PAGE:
5 Common Dog Behavior Problems And How To Solve Them
At times it can be difficult to understand why dog do some of the things they do. We must keep in mind that they are not humans, and they all come with instinct and habits that are contrary to peacefully cohabiting with us. However, with patience, the right strategy and persistence, any dogs behaviours can be modified to a more acceptable level.
Most dogs vocalize in one way or another. They may bark, howl, whine and more. Excessive barking is considered a behavior problem. Learn to control excessive barking. Consider teaching the bark/quiet commands. Be consistent and patient. Address any underlying causes of barking. Dedication and attention to detail can go a long way to stop a dog from barking.
Before you can correct excessive barking, determine why your dog is vocalizing in the first place. The most common types of barking are:
Warning or alert
Playfulness and excitement
Responding to other dogs
Dogs bite and nip for several reasons, most of which are instinctive. Puppies bite and nip to explore the environment. Mother dogs teach their puppies not to bite too hard and discipline them when needed. This helps the puppies develop bite inhibition. Owners often need to show their puppies that mouthing and biting are not acceptable by continuing to teach bite inhibition.
Beyond puppy behaviour, dogs may bite for several reasons. The motivation to bite or snap is not necessarily about aggression. A dog may snap, nip, or bite for a variety of reasons.
Protection of property
Pain or sickness
Any dog may bite if the circumstances warrant it in the dog's mind. Owners and breeders are the ones who can help decrease the tendency for any type of dog to bite through proper training, socialization, and breeding practices.
If given a chance, most dogs will do some amount of digging; it's a matter of instinct. Certain dog breeds, like terriers, are more prone to digging because of their hunting histories. In general, most dogs dig for these reasons:
Boredom or excess energy
Anxiety or fear
Comfort-seeking (such as nesting or cooling off)
Desire to hide possessions (like bones or toys)
To escape or gain access to an area
It can get rather frustrating if your dog likes to dig up your yard. Try and determine the cause of the digging, then work to eliminate that source. Give your dog more exercise, spend more quality time together, and work on extra training. If digging seems inevitable, set aside an area where your dog can freely dig, like a sandbox. Train your dog that it is acceptable to dig in this area only.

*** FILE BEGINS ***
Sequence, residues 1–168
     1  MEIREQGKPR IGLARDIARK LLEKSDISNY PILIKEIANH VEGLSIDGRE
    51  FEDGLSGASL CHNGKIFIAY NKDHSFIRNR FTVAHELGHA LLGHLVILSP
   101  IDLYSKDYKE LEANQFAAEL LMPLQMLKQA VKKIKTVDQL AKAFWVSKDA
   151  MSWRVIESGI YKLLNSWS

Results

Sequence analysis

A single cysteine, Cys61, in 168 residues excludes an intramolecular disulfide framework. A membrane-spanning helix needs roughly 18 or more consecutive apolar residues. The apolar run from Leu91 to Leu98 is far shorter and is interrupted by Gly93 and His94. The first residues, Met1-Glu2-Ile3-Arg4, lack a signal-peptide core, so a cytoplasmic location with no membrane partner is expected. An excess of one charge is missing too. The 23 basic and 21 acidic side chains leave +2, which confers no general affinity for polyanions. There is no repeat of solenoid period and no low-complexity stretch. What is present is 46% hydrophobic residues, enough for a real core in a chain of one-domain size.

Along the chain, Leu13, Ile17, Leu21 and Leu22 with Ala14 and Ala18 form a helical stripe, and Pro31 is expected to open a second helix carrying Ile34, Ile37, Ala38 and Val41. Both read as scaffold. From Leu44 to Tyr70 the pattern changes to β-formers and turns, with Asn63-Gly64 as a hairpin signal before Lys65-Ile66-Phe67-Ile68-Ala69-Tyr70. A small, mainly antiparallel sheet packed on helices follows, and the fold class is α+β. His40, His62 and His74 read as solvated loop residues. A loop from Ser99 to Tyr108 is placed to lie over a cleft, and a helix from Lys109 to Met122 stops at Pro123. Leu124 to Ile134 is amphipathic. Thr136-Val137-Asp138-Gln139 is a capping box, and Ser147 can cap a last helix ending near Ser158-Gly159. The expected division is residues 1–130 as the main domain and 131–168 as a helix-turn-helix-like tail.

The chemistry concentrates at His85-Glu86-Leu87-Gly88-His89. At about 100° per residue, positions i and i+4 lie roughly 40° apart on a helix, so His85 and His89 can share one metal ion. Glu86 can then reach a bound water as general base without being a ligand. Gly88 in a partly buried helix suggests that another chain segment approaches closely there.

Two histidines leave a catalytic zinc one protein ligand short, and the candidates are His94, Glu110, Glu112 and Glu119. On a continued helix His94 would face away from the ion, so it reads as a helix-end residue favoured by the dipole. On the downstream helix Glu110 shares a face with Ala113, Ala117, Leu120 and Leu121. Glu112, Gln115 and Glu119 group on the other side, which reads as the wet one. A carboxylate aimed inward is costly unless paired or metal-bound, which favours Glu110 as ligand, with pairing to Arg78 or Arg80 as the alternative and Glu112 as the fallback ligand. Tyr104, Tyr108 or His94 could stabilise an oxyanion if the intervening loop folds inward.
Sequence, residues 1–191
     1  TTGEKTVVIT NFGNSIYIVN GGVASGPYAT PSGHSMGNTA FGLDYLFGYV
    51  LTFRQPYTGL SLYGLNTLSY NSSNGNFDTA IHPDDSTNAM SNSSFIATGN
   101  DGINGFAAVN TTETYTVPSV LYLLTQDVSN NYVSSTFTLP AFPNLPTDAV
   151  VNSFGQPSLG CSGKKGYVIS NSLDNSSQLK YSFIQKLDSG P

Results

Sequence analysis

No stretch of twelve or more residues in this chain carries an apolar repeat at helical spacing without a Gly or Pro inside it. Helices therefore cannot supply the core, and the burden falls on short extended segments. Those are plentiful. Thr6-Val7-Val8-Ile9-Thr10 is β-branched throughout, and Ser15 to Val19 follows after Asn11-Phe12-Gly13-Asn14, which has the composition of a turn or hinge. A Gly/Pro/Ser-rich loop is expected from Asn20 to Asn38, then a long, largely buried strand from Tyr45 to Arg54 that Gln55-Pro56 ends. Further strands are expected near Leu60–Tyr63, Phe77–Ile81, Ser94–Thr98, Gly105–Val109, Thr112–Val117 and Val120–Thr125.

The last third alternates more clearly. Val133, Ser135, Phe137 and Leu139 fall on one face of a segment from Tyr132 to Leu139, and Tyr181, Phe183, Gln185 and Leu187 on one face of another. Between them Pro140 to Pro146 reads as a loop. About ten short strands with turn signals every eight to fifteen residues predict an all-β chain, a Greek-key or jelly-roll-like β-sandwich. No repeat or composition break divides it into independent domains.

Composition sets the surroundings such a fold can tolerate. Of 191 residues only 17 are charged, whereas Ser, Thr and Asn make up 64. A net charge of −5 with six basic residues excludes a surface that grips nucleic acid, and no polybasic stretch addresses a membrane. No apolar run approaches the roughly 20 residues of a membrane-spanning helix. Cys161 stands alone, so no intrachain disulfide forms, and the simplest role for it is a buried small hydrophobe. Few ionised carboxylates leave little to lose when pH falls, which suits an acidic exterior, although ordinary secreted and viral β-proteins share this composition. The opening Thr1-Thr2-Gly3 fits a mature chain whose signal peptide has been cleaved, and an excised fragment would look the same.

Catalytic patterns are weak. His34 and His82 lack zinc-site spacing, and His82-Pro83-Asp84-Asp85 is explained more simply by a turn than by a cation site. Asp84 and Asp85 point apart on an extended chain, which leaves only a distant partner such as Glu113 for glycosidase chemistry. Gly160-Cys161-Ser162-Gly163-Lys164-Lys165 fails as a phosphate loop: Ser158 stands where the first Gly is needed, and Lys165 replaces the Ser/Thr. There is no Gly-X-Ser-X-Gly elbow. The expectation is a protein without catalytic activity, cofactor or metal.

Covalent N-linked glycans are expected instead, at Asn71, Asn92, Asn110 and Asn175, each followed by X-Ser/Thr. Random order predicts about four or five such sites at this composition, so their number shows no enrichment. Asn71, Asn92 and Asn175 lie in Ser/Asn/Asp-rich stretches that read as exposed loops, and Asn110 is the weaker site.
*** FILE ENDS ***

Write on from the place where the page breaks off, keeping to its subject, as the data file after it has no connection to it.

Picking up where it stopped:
Jumping up is a common and natural behaviour in dogs. Puppies jump up to reach and greet their mothers. Later, they may jump up when greeting people. Dogs may also jump up when excited or seeking an item in the person's hands. A jumping dog can be annoying and even dangerous.
There are many methods to stop a dog's jumping, but not all will be successful.
Ignore – If your dog is doing its jumping mostly at the front door due to excitement when people enter, the first port of call is to ignore them for a few minutes until they have somewhat calmed down.
It is turning around – A simple turn around when the dog jumps may be all you need for puppies. It shows them that jumping gives them the opposite effect of what they wanted, your attention. It is also helpful in the ignoring phase.
Paw hold – Gently holding onto your dog paw and ignoring them for a few second.
Knee push – This is a gentle and slow physical push with your knee to get the dog off you.
Dogs beg for the same reason we naturally head to the kitchen when we smell our favourite foods on the stove. Our pups are hoping for a taste of the goodies.
The best thing you can do is prevent begging from happening in the first place. If you never feed your dog from the table, he will not learn to beg while you are eating.
If you feed your dog from the table, he will learn to keep coming back for more. Remember to enlist the entire household. This will only work as long as everyone is on board. So make sure the whole family knows that no one is to feed the dog from the table. This includes any visitors who eat at your home.
While you are eating, restrict his access to the dinner table. Remember, this is not a punishment. Your dog should be sent to a place (such as his crate or bed) where he feels safe and comfortable.
If you want to keep your pup nearby, but not too close to the table, try a freestanding pet gate. Many require little or no installation and can be set up anywhere.